The resender forwards the query to anyone whom has registered as a respondant to enquires concerning "Microwave ovens" in "UK". For the registration process, think along the lines of subscription to newsgroups and mailing lists.

      The resender forwards the request devoid of identifying infomation to a Knowledge Protocal Port.

      The deamon responds with:

      1. The requested information as defined by the "Desired" card
      2. To make it commercially interesting, a single url that should lead to a page that expands upon the requested information. And specifically, the requested information.

      Of course, there will be those that will either just link to their standard home page, or to a page that carries a re-direct to their standard home page, or otherwise try to subvert the rules of the proticol. But here the mailing list anology extends to the provision for kill-lists. Some way of extending this so that if enough* people place a particular responder on their cheaters-list, then that responder gets de-registered as a mechanism for keeping responders honest.

      This may sound a little like various other things around, say Froogle, but it's not. First, I've read sincere and reasoned discussion that worries whether Google isn't becoming rather too powerful. I'm also not sure, but doesn't Froogle take money to place your goods/services on the index?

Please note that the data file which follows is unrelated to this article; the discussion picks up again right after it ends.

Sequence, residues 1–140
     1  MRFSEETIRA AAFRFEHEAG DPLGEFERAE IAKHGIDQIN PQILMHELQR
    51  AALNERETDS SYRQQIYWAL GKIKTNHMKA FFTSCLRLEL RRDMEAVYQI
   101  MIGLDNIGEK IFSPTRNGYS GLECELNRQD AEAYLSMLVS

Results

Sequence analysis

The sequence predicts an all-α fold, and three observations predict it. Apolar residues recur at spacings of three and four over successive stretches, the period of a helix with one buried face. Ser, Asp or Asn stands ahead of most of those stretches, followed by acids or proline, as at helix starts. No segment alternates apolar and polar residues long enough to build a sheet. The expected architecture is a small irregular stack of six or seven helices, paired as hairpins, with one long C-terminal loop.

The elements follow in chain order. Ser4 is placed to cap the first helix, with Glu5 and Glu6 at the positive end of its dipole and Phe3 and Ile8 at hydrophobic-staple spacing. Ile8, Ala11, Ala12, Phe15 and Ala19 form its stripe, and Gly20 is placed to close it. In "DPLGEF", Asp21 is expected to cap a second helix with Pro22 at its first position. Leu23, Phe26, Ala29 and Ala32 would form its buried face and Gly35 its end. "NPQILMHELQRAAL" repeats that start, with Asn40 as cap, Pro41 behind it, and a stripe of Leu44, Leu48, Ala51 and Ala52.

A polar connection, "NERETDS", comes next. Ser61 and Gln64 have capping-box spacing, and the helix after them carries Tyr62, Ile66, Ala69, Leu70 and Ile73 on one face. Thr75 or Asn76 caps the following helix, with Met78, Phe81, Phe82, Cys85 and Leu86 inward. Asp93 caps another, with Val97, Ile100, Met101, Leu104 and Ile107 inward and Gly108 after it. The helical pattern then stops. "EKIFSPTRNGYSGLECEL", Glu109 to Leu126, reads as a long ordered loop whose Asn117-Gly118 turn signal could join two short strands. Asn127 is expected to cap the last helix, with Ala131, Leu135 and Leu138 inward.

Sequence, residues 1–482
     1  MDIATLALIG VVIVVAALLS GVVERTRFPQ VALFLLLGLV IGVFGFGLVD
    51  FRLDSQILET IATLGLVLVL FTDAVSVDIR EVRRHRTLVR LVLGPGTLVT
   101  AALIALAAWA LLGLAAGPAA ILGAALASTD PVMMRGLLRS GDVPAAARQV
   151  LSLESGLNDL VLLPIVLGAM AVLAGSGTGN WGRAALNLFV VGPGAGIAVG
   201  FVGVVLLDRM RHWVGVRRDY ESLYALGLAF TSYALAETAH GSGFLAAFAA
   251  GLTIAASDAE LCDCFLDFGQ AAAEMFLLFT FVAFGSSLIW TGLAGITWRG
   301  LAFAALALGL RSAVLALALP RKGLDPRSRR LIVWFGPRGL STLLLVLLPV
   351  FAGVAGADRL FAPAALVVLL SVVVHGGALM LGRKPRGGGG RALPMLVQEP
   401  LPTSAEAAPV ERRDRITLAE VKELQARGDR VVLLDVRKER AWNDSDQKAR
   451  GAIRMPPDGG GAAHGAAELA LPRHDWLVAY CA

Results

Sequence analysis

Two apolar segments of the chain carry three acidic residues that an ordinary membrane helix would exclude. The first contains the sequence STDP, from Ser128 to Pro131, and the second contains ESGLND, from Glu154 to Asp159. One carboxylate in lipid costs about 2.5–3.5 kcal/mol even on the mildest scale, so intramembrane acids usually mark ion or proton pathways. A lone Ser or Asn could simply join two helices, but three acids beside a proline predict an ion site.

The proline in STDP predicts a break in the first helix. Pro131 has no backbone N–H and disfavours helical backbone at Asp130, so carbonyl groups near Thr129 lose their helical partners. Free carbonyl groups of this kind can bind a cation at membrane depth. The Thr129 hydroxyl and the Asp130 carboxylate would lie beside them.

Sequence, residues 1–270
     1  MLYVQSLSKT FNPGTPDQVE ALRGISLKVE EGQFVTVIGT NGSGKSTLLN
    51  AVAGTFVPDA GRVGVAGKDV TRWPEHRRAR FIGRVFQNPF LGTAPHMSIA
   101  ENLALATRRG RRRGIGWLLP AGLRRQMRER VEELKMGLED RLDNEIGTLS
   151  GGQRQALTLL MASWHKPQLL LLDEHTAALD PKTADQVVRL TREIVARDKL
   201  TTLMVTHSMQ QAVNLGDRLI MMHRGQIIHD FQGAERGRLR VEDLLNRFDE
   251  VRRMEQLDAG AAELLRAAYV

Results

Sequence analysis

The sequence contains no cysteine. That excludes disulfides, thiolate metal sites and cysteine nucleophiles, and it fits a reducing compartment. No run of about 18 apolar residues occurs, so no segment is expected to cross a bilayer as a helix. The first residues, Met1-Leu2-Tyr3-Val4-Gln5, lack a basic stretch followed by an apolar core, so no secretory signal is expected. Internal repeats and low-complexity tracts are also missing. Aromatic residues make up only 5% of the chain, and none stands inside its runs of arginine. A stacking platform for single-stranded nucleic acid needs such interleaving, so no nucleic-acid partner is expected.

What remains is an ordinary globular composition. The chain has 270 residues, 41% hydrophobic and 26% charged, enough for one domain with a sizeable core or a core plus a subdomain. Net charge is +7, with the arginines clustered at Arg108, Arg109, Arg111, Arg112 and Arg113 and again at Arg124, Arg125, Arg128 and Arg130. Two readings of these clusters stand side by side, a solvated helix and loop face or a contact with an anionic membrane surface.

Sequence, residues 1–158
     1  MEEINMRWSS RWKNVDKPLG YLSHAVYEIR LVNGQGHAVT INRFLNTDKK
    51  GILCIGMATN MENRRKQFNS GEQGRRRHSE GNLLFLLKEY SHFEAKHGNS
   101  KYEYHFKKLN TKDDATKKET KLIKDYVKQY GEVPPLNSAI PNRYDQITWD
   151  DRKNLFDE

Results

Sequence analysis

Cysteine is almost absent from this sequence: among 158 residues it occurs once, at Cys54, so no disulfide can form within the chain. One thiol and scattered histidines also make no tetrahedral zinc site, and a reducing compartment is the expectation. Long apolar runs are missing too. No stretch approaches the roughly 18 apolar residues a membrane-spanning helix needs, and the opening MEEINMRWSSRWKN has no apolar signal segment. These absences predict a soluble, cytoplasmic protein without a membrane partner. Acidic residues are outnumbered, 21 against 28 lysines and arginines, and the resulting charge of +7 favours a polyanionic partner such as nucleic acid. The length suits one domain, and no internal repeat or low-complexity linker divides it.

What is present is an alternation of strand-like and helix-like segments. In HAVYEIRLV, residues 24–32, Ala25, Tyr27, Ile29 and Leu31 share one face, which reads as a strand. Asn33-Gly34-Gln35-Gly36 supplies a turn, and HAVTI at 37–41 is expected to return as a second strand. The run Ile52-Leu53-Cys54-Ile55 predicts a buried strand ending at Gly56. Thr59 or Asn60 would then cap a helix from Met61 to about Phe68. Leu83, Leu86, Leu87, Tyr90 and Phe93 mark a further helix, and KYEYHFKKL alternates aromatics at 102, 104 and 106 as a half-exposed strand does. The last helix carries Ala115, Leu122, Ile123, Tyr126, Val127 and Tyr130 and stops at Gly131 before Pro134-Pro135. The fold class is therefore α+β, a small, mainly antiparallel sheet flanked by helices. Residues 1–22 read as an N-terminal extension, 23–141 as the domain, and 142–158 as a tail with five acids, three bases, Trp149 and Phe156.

The whole idea of there being a central registry, or a for-money service negates the purpose of the protocol. Whilst I would want the protocol to cater for the distribution of commercial information, it should not be limited to, nor dominated by it.

      So, rather than a central server that would require hardware on which to run, and maintance staff, and salaries, and benefits packages et al. Why not utilise the power of Kazaa-style distributed filesharing protocols. With a suitably defined and simple protocol, leveraging existing experience with things like ftp/html/smtp etc., it should be easy to produce simple clients that would distribute the database in such a way that there is no need for centralisation and all the overheads that brings with it. Every client becomes a part of the distributed service.